Want to reach teens? One of the best ways to do so is through teachers and classroom experiences. The messages are trusted, the engagement is deep, and when teens grapple with a topic, they evolve from being mere students to becoming ambassadors.
Certainly no one would advocate that brands advertise in schools. But corporations, associations, non-profits and government agencies have been sponsoring “thoughtfully branded” educational content for years. One example is Colgate’s Bright Smiles, Bright Futures initiative which promotes oral health through in-school literacy programs. Johnson & Johnson created a “science of germs” supplemental curriculum to teach youngsters how to care for small injuries in order to avoid infections.
The key to successful education marketing is threefold:
1. Promote behaviors, not brands. Think improved nutrition, responsible driving, financial literacy, or environmental awareness.
2. Embed the message in a topictaught in the classroom, such as math, science, English language arts, health, or social studies.
3. Align the content to current education standards. As of now, over 40 states have adopted Common Core standards, so if you want a teacher to adopt a program into the classroom, it must fit seamlessly into the school day.
From the looks of it, however, one would think the school year ran from mid-July to early September. After all, that’s when marketers spend the big bucks promoting services and products.
In actuality, that’s probably the worst time to try to engage teachers. The weeks leading up to the beginning of the school year (not to mention the first month of school) is spent setting up the classroom, getting to know students, and establishing a routine. Instead, savvy marketers would take a look at the calendar throughout the school year and see how they could develop supplemental curriculum to support a topic aligned to a particular day, month or season. Colgate has done that for over 20 years; it owns National Children’s Dental Health Month in February and reaches 50 million students and families every year.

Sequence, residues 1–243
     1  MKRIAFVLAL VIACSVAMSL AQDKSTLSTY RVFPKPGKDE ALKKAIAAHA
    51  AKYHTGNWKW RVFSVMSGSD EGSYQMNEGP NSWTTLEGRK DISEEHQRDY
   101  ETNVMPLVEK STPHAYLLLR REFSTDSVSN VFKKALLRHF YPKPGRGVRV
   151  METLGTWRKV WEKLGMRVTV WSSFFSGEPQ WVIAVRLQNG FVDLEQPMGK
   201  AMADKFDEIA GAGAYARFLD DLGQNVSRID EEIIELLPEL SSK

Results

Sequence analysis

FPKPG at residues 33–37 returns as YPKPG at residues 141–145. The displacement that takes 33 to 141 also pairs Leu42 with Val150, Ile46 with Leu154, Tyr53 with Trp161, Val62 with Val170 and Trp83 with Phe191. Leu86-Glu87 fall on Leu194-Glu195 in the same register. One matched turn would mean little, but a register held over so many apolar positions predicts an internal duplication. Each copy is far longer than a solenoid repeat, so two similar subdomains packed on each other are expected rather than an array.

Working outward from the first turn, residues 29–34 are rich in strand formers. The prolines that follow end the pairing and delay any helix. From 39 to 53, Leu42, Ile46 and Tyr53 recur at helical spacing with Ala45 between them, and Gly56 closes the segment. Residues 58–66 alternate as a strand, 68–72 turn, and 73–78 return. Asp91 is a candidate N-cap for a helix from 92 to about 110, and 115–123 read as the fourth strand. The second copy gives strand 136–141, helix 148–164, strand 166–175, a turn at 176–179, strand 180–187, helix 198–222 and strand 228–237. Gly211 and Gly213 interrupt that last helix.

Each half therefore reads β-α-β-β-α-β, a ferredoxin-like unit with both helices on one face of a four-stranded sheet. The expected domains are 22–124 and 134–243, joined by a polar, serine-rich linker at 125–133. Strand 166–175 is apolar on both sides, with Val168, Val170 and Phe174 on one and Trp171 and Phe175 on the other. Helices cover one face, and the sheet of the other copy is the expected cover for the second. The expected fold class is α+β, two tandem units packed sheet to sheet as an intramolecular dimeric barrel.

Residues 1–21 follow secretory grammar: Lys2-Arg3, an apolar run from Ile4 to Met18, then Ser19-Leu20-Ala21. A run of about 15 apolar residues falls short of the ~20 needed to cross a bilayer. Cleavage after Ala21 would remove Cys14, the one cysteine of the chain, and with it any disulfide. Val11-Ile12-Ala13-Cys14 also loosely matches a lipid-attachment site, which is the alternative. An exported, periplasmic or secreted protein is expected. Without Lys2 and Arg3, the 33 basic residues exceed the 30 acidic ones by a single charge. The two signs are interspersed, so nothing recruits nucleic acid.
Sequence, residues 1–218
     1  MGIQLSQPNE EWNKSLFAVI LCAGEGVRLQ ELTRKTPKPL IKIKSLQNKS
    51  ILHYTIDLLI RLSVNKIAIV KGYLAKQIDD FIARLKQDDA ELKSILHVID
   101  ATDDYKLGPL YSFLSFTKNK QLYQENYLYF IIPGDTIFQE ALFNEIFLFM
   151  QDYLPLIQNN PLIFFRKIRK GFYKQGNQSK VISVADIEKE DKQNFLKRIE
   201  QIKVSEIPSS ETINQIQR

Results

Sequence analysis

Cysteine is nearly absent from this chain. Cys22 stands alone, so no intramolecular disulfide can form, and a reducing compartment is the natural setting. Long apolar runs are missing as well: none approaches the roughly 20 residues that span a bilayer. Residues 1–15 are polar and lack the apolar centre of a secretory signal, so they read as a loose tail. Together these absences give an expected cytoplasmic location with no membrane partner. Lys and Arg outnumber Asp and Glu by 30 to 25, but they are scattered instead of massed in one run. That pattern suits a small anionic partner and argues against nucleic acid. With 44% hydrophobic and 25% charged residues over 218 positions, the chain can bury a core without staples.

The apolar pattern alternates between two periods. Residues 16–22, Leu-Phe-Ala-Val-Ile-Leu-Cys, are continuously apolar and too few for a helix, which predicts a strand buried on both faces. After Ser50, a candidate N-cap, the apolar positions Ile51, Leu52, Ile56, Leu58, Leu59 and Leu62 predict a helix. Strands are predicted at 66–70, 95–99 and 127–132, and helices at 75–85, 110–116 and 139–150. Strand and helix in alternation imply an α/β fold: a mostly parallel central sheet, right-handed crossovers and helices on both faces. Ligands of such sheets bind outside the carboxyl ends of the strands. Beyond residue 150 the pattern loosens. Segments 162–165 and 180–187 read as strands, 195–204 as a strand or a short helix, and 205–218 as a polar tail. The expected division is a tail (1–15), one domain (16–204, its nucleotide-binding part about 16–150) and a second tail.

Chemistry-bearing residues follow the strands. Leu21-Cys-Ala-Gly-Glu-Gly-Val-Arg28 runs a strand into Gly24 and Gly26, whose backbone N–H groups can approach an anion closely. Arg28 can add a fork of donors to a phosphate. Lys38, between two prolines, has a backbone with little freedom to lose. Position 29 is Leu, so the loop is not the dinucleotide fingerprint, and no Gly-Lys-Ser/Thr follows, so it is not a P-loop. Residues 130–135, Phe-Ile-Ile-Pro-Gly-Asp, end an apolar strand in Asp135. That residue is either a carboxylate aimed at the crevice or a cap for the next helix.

Everyone knows the typical events – Thanksgiving, winter holidays, Valentine’s Day. But practically every day of the year has been assigned to some esoteric celebration or commemoration. Let’s skip over August and September, shall we? Sharpen your pencils and take note of just a few ways brands, corporations or associations could own a topic in schools:
Dictionary Day: Mattel, maker of the game Balderdash, could certainly develop some fun vocabulary-building activities that tie into English language arts or world language subjects.
Great American Smokeout: CVS, with its recent announcement that it would no longer carry cigarettes in its stores, could easily develop a curriculum that teaches the science of nicotine. (How much more powerful would that be than a hallway poster saying “Smoking kills”?)
Letter Writing Day: The U.S. Postal Service could benefit from encouraging letter writing. With actual sentences. On actual paper. And in the process, impart social studies, geography and English language arts skills.
National Puzzle Day: The Alzheimer’s Association could promote science and critical thinking skills through lessons focusing on crosswords and the effect it has on our brains.
Ferris Wheel Day: It’s not just a day in the park. Ferris wheels are a structural feat of algebraic equations and engineering. K’nex would do well by creating curriculum focused on the science of machines and algebra.
Plant a Flower Day: Burpee Seeds, how about a gardening curriculum that aligned with national science, math and social studies standards?
World Laboratory Day: Pharmaceutical companies may be the last entity you’d want in schools. But they could support STEM education without ever promoting a product.
Be a Millionaire Day (also Lucky Penny Day): What bank wouldn’t want to support financial literacy, especially since the topic is required by so many states.
National Yo-Yo Day: Duncan could develop a fun and engaging lesson in engineering.
What other unique ways can you think to engage teens where they spend most of their day?